C. But for his candidacy, he would not have attended the seminar regarding legislation required in order to be eligible for federal matching funds. The statement is not true. The legislator is attending a seminar so that he can better carry out his legislative duties. While being a good officeholder may enhance one's acceptability as a candidate, the seminar is primarily related to the holding of public office and not to the candidacy.
There are expenditures associated with social events which clearly would not occur "but for" the social event. These would include the cost of food and beverages, the hiring of individuals to assist in preparing and serving food and beverages, the cost of decorations, music, rental of tables, rental of chairs, etc. On the other hand, a social event is not an excuse to make expenditures which are primarily personal in nature. For example, one could not use campaign funds to pay for landscaping at one's personal residence so that a campaign garden party could be held.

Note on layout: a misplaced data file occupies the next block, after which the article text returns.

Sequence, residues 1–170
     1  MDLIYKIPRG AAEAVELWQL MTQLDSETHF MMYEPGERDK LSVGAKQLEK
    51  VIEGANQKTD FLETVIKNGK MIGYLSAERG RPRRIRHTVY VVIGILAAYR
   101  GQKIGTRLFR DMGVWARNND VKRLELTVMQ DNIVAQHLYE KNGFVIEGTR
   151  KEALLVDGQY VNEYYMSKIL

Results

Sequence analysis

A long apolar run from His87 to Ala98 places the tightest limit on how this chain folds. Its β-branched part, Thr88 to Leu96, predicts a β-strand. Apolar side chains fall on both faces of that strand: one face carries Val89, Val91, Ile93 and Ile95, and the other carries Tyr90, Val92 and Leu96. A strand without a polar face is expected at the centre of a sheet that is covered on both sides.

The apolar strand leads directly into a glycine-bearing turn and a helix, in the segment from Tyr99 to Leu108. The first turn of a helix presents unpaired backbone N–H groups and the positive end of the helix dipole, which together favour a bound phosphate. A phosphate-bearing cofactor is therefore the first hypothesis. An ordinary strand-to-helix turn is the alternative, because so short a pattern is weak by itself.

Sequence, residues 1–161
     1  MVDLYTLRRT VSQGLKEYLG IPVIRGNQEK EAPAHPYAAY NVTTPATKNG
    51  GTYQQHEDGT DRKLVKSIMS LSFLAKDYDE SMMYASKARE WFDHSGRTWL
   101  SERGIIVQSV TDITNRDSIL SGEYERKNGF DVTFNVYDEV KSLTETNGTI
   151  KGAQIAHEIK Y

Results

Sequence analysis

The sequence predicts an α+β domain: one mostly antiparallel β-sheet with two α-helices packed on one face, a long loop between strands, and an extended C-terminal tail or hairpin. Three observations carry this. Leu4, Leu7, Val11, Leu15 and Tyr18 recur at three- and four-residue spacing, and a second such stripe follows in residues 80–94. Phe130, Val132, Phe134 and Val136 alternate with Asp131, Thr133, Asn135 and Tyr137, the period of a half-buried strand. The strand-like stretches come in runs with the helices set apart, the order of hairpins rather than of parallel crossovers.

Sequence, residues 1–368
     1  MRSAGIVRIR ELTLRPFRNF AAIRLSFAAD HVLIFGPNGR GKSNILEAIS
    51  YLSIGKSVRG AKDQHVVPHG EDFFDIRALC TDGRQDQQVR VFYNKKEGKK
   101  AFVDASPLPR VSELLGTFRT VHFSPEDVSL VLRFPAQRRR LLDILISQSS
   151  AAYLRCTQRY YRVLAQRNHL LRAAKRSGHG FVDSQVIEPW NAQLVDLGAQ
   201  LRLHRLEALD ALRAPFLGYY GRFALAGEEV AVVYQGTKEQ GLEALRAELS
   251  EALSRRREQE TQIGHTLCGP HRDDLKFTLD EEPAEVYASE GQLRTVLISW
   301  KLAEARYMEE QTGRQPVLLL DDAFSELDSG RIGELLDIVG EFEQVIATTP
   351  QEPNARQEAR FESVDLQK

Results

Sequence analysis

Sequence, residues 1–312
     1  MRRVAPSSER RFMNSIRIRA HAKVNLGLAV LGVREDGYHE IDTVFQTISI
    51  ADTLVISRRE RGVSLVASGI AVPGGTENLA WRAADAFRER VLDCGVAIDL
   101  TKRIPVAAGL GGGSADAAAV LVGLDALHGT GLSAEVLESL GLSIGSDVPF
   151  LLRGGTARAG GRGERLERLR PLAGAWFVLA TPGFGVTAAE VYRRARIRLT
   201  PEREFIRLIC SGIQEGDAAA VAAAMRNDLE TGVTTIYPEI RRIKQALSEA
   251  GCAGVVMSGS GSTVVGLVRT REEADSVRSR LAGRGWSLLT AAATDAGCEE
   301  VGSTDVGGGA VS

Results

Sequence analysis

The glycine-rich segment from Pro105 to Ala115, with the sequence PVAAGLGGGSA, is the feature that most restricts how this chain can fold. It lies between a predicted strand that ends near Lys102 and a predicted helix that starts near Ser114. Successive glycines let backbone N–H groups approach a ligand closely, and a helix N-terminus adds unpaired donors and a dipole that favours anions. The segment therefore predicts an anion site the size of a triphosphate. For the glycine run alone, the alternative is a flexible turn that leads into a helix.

Using campaign funds to hire someone to clean up after a permissible campaign event at a senator's home is reasonable. The goal is to place the home in its pre-party condition. Using campaign funds to clean up an individual's home in advance of a campaign event is not as clear a matter. Conceivably, a home needs to be cleaned occasionally regardless of whether campaign events are held there. A question arises as to whether a pre-event cleanup is more personal in nature than campaign related. It is our position that the circumstances surrounding an event determine whether or not a pre-event cleanup is campaign related or personal.